Liz Pulliam Weston

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Your stupidest money moves

Would you like a 'free' puppy? A $2,000 clothes rack? Here are tips for avoiding financial flubs and tales from readers who've fessed up to their own goofs.

By Liz Pulliam Weston

For the most part, the posters who hang out on the Your Money message board are pretty smart folks. But everybody makes mistakes with money occasionally.

So a poster with the handle of "sneakers" invited others to share their dumb financial moves, saying, "Maybe if we post them here we can stop kicking ourselves."

Dozens took up the offer, and something interesting happened: Everybody had a great time. We had a few laughs, took solace in each other's goofs and even learned a thing or two.

Maybe you can as well. Here are some of the most common dough D'oh!'s:

Self-improvement or self-delusion?

If the posters are any gauge, a lot of money is spent on exercise equipment that goes unused. A sample:

"Poster nun3Z" bought a Bowflex exercise machine to make good on a New Year's resolution. "Cost me $800+. Used it for 2 months and I'm giving it away to the Salvation Army this month. They're going to pick it up on Wednesday."

Nun3Z's new resolution: "I'm not going to buy gym equipment again."

"Landa" could top that: "I have purchased almost every type of expensive exercise equipment out there. Health Rider, treadmill, stationary bikes (2), rowing machines, Ab Roller, trampoline, etc. . . . and I quickly tired of them all and gave them away. Big waste of money and a real bummer on the ego."

Perhaps to make Landa feel better, "cschin4" chimed in: "Treadmills are known to be very good for hanging wet laundry on!"

Assuming you don't want a $2,000 drying rack, think about the following:

  • The equipment won't work out itself. We love to believe in easy fixes, but no workout system on Earth can deliver commitment. Unless you're already engaged in a regular fitness routine, think twice about investing in home equipment.
  • There are cheaper ways to get fit. Walking, running, biking and swimming are comparatively low-cost ways to stay healthy. Try those first.
  • Buy used. Save some money by taking advantage of someone else's blown resolution. Try Craigslist or chains like Play It Again Sports.

Auto-matic regrets

Several posters cited bad decisions about vehicles: getting the wrong one, paying too much or incurring perfectly avoidable damage.

"CTBob1" bemoaned the day he leased a car, saying he "will never, ever, ever do that again."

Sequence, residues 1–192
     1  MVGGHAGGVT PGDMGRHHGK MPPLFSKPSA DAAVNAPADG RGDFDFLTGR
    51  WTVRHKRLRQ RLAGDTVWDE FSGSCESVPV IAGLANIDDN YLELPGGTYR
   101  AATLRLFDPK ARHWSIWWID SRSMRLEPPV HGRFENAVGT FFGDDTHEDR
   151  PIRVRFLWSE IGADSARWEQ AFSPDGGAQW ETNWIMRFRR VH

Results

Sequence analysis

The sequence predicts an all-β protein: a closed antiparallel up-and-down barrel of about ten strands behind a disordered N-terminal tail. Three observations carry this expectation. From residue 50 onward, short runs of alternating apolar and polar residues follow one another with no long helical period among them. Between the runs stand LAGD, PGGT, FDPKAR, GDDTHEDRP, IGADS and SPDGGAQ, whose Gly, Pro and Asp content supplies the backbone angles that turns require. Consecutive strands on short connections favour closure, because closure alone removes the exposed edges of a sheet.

"Maybe it makes sense for rich people who are very responsible and hardly ever drive, but for me it ended up costing me some serious $$$$. I went waaaaay over the allotted mileage and I didn't take the best care of the car. . . . I ended up throwing good money after bad and took out a loan to buy my car outright when the lease ended in order to avoid any fees."

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CTBob1 leased the car instead of buying it initially because "I couldn't afford the monthly payments if I purchased it new. . . . Alarm bells should have gone off then!!"

Indeed. In the long run, he "ended up paying much more money leasing the car and then borrowing money to buy the car when the lease ended."

It's hard to resist the siren call of the auto dealership, but your financial health may depend on it. Overspending on cars or buying the wrong one can cost you a small fortune. Some thoughts:

  • Buy for the long haul. People who buy cars and drive them for 10 years or more can save, over a lifetime, hundreds of thousands of dollars on vehicles compared with people who swap out their cars every five years. The savings compared with those who lease are even greater.
  • Don't buy on impulse. A vehicle is a big purchase and one that can have a profound impact on your financial health. Do your research at auto-comparison sites such as MSN Autos, Edmunds.com, Cars.com and ConsumerReports.org. Line up financing from your bank or credit union before you shop or, better yet, pay cash.

Continued: Be clothes-minded

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